So, while reading Solutions, consider the following: Are the historical outcomes of either the words our past leaders have spoken or the actions they’ve taken been fruitful? Whether intentionally or not, have those words born out what they implicitly or explicitly promised? Have the actions resulted in the stated outcomes? Have the undeclared wars we’ve fought brought more security (physical, economic or spiritual) to America? In a word. . . No! We still have mass shootings every few months. More people fall into homelessness and poverty daily in America. We can’t even provide clean drinking water to large numbers of our society. In one regard, these wars more closely resemble theft than they resemble a means to a more secure America: Someone or some minority of someone is getting rich from the tax dollars we pay to create weapons of mass destruction that are used to bomb foreign lands or sold to countries like Saudi Arabia. I personally have not been enriched by those fat defense contractor dollars . . . Have you? I have however paid taxes into the 700 billion-dollar defense budget. As for our physical security, while I believe there is no way to definitively answer this question, I submit that any proponents of war would be hard pressed to provide even a weak “Yes” given that our wars have done little to nothing to secure those nations we have attacked. Whether started based on the accusation of weapons of mass destruction, humanitarian reasons, threats from other nations, has America’s adventurism helped the people of other nations? Forget nations (as in plural). Other than Israel, have we helped the people of a single nation? All I see are the mounting numbers of refugees scattered around the world due to American intervention in Iraq, Lybia, Syria and Yemen.
Adding to the argument against the effectiveness of America’s intervention around the globe is the fact that we have done little to nothing to strengthen those countries that are geographically closest to our shores and borders. Have we made countries south of the United States stronger? Have we made them impervious to future problems? Have we fortified them against the threat of socialist ideas like our own military, or our own system of primary and secondary education, or our own bank bailouts and corporate tax subsidies, national system of highways and state roads? Have we helped guide countries like Venezuela toward a system of Capitalism that benefits the people of that nation? Have we helped Mexico adopt an economic system that eliminated the desire or need for a thriving drug trade? The short answer is “No” because we all know that without genocide you cannot stop a philosophy, edict, religion or idea.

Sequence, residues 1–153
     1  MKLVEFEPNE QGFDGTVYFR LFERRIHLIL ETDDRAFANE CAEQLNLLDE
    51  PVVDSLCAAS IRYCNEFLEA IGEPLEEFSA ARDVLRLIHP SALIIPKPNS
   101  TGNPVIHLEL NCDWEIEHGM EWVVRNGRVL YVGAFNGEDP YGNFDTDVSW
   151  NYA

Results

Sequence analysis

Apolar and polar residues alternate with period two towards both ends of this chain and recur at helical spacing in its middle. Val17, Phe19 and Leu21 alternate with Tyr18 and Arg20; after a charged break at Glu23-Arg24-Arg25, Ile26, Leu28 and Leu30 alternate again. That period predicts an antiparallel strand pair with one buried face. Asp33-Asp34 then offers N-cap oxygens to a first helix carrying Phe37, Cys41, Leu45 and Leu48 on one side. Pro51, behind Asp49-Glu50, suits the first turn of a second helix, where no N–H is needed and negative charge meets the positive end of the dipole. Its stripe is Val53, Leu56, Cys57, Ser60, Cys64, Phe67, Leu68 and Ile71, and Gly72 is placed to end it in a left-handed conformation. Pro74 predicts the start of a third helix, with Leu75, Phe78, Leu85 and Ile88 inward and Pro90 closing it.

Okay, maybe I was being slightly facetious in the previous paragraph, but ask yourself. . . Has American intervention helped neighboring nations gain, maintain or regain independence or sovereignty or security? Have we made our neighbors inherently stronger or independent of whatever handouts we offer them these days? As to the question of whether America helps or hurts other nations in which we intervene, perhaps there are more nuanced answers than a simple ‘yes’ or ‘no,’ but given America’s history, I personally have concluded that, rarely have we strengthened other countries when we decided to “help” them. When trying to list the true beneficiaries of the wars in which America has taken part, it is even difficult to conclude that this list would even include most Americans. Truth be to